“’Evenin’, Milt, Jed.” The thick voice drifted against the trees and they murdered its echo with heartless glee. Every sound was deadened, flattened.
“’Evenin’, Billy Ray,” Daddy said, and he stood up, lifted his old felt hat between his thumb and forefinger and scratched at his hairline with his other fingers. “Somethin’ you boys need?”
I saw the other stern-faced men then, sitting in the beds of the pickups and in passenger seats, and spotted the barrels of hunting rifles poking up like spears of war times past, dark wooden stalks and gleaming oiled barrels hinting ominous things to come.
“Hear tell there’s another issue down t’the hollow,” Billy Ray said.
“Seen it m’se’f,” someone called from the back.
“That you, Irving?” Granddaddy craned his neck to see the man, who stood up now in the back of another vehicle.
“Yeah, Milt, it’s me,” Irving answered, and he spat a thick wad of brown tobacco juice into the underbrush beside the drive. Then he dipped his head to Ma. “’Evening, Minnie,” he said, but didn’t smile.
“Hello, Irving. How’s your mother, sweetie?”
“She’s jus’ fine, ma’am, just fine, thank ya fer asking.” He turned back to my father. “Thing is, I seen … something … down by the Ebberson bend of the crick, Jed. Didn’t get a good look, though, so cain’t swear t’nothin’, but I seen it, black an’ all like we –”
“That’s all right, Irving,” Daddy said, and I saw Irving shift his eyes to me. “You don’t have to explain. I think I understand. This the same as last time?”
Granddaddy stood up beside my father and they watched the men. Irving gestured to another, heavy-set man in a red flannel shirt, who stood up and steadied himself in the back of an ancient International Harvester with no top. “I lost six sheep an’ a couple chickens just t’other day, Jed, and saw the marks.”
My father faltered a moment. Just an instant, then he regained himself. My mother folded her arms across her chest with her lips pressed tight and pursed, then skulked into the house, let the door bang closed behind her. My Granddaddy clapped his hand over my Daddy’s shoulder, and his eyes were dark and sunken, like he aged ten years right then. They exchanged a look, and I opened my mouth to speak, but my father cut me off.
“I need you to stay here with your mother,” he said, “and make sure you keep inside. We might have a … critter we need to catch.”
I knew he was lying through his teeth and I opened my mouth to say so but he silenced me again, his face firm. “I’ll explain it all when we get back — God help me, I never thought I’d have to, but seems I do. Don’t ask an’ know I ain’t tellin’ if ya do. I’ll be back soon as I can.”
I heard the door open and Ma was there, her face red and blotched. I could see the marks from where she’d torn the tears from her cheeks with savage swipes. She leaned my father’s rifle against the porch timber, and leaned Granddaddy’s next to it. She gave them both a long look, one I’d never seen before, and then she went back inside. My father watched after her for a long time before Billy Ray coughed. “We … don’t have much light left, Jed.”
My father nodded. He strode to the porch and brought back the guns, handed Granddaddy his. Then he turned back to Billy Ray. “Got ammo?”
Billy Ray gave a grim nod. My father sighed. “All right, then, let’s get it over with.”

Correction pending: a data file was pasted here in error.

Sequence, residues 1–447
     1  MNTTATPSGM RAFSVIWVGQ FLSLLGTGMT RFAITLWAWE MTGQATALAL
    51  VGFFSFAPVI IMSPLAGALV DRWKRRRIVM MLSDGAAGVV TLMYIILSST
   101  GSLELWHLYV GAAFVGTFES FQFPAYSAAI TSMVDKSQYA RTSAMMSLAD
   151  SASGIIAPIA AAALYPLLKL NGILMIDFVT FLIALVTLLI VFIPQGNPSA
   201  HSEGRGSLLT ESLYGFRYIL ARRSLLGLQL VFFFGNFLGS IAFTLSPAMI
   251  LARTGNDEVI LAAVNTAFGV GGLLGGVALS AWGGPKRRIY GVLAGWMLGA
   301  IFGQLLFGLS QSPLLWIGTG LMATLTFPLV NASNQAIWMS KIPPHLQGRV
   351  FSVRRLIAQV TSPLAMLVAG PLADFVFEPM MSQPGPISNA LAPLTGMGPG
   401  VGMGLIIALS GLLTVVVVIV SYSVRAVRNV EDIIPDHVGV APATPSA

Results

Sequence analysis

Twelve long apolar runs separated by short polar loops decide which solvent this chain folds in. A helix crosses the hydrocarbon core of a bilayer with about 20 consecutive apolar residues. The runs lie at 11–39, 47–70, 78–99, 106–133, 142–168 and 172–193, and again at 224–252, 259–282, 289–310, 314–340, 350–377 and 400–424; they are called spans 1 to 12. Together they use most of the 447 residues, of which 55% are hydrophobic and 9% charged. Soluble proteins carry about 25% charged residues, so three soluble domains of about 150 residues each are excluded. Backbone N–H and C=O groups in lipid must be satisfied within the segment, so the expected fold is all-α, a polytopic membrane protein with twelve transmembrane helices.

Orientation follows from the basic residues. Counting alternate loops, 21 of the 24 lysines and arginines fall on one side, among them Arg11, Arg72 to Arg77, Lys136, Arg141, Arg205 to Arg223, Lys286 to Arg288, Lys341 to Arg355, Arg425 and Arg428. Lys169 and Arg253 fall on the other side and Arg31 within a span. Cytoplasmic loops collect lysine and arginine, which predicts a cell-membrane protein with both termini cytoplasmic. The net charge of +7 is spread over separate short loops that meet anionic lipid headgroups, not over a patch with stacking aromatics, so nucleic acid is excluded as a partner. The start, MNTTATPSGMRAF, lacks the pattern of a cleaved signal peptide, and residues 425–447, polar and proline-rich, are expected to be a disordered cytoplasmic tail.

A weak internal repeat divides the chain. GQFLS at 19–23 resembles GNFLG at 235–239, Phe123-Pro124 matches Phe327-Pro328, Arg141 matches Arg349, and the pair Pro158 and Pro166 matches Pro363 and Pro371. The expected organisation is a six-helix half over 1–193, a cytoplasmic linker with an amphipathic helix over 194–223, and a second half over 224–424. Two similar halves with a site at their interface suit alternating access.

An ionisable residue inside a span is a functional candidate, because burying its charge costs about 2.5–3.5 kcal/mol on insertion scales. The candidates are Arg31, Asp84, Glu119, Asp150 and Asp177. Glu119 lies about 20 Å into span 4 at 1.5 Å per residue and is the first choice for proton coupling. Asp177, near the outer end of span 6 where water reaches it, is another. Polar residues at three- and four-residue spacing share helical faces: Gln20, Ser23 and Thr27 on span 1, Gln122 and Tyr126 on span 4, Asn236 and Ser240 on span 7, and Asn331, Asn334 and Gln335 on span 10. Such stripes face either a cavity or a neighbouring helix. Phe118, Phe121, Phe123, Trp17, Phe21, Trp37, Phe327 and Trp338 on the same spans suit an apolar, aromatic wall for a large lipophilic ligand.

The men began to pile out of the trucks, clambering over the sides and through the doorless bodies, and ambled to the right of where I stood dumbfounded, staring agape as they went.
And one by one they squeezed through the opening to the hollow and vanished into the fog. Finally, my Granddaddy and Daddy turned back and smiled at me, gave me a wave, but I saw those smiles slide off like melting snow dripping from a sagging tree limb. They exchanged that look, one I’d seen years ago, when I was a child, and only then. It might’ve been fear, or resignation, or despair, or something, but it was there. In a flash it vanished too, and following my Granddaddy into the mist, my father gave me one more look. He didn’t smile then. He just gave me a knowing look, nod, and then he moved into the foggy hollow and out of sight.
Now I’m ready to follow after him into that hollow. I’m ready to go down the way he went. He and Granddaddy and Billy Ray and all them left yesterday afternoon and haven’t been back. Ma didn’t hear no gunshots, no shouts, nothing. A quiet, dark night is all we had, but she didn’t sleep. She stared out the window and watched the moon drift across the diamond-shaped panes, hugging herself and leaning against the counter in the kitchen. She was still standing there, eyes red and puffy when I woke up the next morning. She didn’t say anything. She looked at me, silent and solemn, and turned back to the window, then shook her head slow and mournful.
She’s still leaning against the counter, for all I know. I left her. I couldn’t eat, couldn’t do much in the way of chores. Something in me tells me they all went down that second branch in the path, the one spewing the fog, the one my Daddy hurried past those long and many years ago. I don’t know what’s become of them, but I’ve got my own rifle, for all the good it’ll do. I don’t know what the story is, and I don’t know what they feared when they left, but I have to see about my kin. They’re down there, somewhere, in the hollow’s misty path.
I set one foot down on that peat-matted, needle-carpeted, leaf-buried path, and then another, and I feel that same, shuddering, hurry-up sensation I did as a child. And just like I did when I was seven, I’m staring into the wispy, dancing fog, moving wraith-like and shifty as it oozes and crawls over the path, the ghosts of tree trunks and thorn bushes and brambles waxing and waning into view below.
I clutch the rifle closer to me, and my sweaty palms slide over its gleaming oiled surface. I try to swallow, but I can’t.
I guess the walk to the creek with my Daddy didn’t make me feel better about that path after all.